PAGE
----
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Plaintiffs filed suit against defendant under the Fair Debt Collection Practices Act (FDCPA), 15 U.S.C. 1692e, alleging that they received collection notices that were misleading because they stated the “current balance,” but did not disclose that the balance might increase due to interest and fees. The court held that Section 1692e requires debt collectors, when they notify consumers of their account balance, to disclose that the balance may increase due to interest and fees. Therefore, the court vacated the district court's dismissal of this claim and remanded for further proceedings. The court affirmed the district court's dismissal of plaintiffs' other claims in a summary order issued simultaneously with this opinion. View "Avila v. Riexinger & Assoc., LLC" on Justia Law

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Plaintiff filed suit against defendants, alleging common-law fraud and violations of the Truth in Lending Act (TILA), 15 U.S.C. 1601 et seq. Plaintiff alleged that she never agreed to the mortgage loan at issue. The court concluded that the district court acted within its discretion in admitting an attorney's testimony under FRE 406 regarding the fact that he had met with plaintiff and had not asked her to sign blank sheets of paper; the district court did not abuse its discretion in admitting the loan documents at issue under FRE 901(a) for authenticated records and the court rejected plaintiff's argument that admission of the photocopies violated the best evidence rule where the original documents had been lost; plaintiff's FRCP 50 argument fails where the evidence was more than adequate to warrant the jury in finding for defendants' on the case's central issue; and the district court did not abuse its discretion in denying plaintiff's FRCP 59 motion for a new trial where nothing in the record warranted upsetting the verdict. Accordingly, the court found no error and affirmed the judgment. View "Crawford v. Franklin Credit Mgmt. Corp." on Justia Law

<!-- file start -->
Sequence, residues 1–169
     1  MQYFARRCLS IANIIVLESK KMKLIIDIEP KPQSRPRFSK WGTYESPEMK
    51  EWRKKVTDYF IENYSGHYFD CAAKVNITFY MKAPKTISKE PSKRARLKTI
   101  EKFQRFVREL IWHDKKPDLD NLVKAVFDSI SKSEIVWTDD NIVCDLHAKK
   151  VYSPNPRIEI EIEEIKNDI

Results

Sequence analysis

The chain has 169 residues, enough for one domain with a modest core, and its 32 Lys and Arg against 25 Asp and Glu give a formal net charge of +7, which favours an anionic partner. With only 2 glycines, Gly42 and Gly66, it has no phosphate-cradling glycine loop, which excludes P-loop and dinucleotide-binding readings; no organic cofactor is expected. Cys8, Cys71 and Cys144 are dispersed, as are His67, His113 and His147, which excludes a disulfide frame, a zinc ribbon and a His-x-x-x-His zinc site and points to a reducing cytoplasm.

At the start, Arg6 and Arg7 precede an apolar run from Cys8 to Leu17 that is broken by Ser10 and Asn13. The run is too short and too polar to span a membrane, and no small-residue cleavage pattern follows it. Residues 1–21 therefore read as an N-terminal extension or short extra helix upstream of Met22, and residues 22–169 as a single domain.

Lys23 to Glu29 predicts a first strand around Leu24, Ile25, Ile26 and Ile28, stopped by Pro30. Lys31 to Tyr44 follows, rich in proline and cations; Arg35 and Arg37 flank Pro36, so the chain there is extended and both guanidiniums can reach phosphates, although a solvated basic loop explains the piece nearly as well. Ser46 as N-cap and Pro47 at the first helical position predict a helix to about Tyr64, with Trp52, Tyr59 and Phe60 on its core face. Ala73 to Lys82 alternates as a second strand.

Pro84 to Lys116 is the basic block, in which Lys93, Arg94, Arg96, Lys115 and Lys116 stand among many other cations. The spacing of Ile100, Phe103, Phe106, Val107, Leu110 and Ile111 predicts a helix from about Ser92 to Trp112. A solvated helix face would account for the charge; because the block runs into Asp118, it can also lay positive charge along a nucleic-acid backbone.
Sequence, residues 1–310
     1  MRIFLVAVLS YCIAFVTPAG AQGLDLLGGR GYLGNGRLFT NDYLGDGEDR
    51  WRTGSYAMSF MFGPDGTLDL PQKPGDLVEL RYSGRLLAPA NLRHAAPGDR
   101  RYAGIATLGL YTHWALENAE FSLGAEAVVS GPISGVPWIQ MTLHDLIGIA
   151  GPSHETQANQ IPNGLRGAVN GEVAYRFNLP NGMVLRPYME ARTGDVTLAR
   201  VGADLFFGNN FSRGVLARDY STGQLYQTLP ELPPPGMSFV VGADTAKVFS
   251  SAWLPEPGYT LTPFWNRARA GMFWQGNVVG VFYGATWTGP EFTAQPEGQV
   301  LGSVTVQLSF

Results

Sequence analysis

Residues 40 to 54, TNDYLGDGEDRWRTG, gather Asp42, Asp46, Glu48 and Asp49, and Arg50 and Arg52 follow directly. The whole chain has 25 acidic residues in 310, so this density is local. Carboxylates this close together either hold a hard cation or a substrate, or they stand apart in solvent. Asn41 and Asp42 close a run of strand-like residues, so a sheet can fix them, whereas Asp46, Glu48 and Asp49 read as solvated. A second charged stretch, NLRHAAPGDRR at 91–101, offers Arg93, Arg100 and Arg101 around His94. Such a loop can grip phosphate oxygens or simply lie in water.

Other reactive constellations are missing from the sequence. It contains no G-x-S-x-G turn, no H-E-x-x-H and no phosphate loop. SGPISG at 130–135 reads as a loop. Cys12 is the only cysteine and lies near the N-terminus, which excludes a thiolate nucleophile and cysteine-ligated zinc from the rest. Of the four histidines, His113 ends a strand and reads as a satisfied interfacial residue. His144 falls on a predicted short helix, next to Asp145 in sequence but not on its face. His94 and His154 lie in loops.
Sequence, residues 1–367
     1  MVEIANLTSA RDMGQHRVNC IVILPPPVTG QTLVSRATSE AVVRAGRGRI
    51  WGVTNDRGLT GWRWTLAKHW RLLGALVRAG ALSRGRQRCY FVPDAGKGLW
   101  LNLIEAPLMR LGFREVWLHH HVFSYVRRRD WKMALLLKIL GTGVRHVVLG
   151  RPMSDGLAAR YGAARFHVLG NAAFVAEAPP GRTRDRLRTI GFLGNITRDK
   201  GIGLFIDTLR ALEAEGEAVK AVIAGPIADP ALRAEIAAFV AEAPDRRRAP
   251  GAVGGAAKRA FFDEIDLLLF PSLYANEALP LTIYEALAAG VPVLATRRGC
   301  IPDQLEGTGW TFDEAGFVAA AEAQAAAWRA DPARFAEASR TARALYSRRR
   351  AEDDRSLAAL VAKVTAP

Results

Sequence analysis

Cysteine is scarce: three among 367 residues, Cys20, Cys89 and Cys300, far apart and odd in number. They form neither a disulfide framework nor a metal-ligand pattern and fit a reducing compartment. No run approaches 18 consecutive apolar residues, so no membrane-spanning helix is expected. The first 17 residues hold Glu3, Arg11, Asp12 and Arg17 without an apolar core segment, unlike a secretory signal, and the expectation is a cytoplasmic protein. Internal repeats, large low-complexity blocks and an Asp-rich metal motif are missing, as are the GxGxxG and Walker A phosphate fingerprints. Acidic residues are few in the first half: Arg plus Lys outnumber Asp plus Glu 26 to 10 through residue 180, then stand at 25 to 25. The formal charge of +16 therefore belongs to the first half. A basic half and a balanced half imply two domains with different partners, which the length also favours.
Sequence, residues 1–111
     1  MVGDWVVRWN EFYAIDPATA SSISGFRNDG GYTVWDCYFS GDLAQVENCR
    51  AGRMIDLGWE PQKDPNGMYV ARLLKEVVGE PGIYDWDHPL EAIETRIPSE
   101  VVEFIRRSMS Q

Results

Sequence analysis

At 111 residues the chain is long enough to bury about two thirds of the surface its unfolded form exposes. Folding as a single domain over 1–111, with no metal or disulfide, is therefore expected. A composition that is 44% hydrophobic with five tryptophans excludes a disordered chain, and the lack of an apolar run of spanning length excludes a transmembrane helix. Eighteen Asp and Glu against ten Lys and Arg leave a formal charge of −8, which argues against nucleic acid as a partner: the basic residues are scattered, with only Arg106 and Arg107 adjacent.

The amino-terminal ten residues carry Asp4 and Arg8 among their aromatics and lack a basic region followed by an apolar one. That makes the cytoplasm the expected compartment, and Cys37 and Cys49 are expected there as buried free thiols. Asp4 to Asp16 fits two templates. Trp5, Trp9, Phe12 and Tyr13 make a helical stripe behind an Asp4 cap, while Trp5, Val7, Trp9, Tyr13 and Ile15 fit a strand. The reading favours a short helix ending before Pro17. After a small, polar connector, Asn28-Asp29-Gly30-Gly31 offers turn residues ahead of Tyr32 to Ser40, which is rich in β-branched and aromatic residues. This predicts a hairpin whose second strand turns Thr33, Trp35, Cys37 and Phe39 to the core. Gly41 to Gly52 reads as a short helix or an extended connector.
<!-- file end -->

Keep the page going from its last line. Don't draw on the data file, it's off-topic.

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Plaintiff filed a putative class action against Northland, alleging that it violated the Fair Debt Collection Practices Act (FDCPA), 15 U.S.C. 1692 et seq., by sending him and other class members a debt collection letter that gave a call‐back number but did not specify the name of the person at that number. The district court denied class certification, and then dismissed the complaint for lack of subject‐matter jurisdiction. The court agreed with the district court that plaintiff’s allegations concerning the failure to include the name of a person to call back do not state a claim under the FDCPA. However, the court disagreed with the district court that the claim is so insubstantial that it does not even support federal‐question jurisdiction.  The court also concluded that the district court did not abuse its discretion in denying class certification. Accordingly, the court affirmed in part, vacated in part, and remanded for further proceedings. View "Gallego v. Northland Group Inc." on Justia Law

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Plaintiff appealed the district court's judgment in favor of Ocwen and dismissal of plaintiff's complaint alleging various causes of action under the Fair Debt Collection Practices Act (FDCPA), 15 U.S.C. 1692. At issue is whether a debtor who has received a claim on a debt that has been discharged in a bankruptcy proceeding can sue the claimant in a district court under the FDCPA. The court concluded that the Bankruptcy Code does not broadly repeal the FDCPA for purposes of FDCPA claims based on conduct that would constitute alleged violations of the discharge injunction; none of plaintiff's individual FDCPA claims conflicts with the discharge injunction under the Bankruptcy Code; and, in regard to the claim of piecemeal litigation, the court concluded that the remote possibility of a need for clarification provides no basis for routing all FDCPA claims exclusively into the bankruptcy court. Accordingly, the court reversed and remanded with instructions to reinstate plaintiff's FDCPA claims against Ocwen. View "Garfield v. Ocwen Loan Servicing, LLC" on Justia Law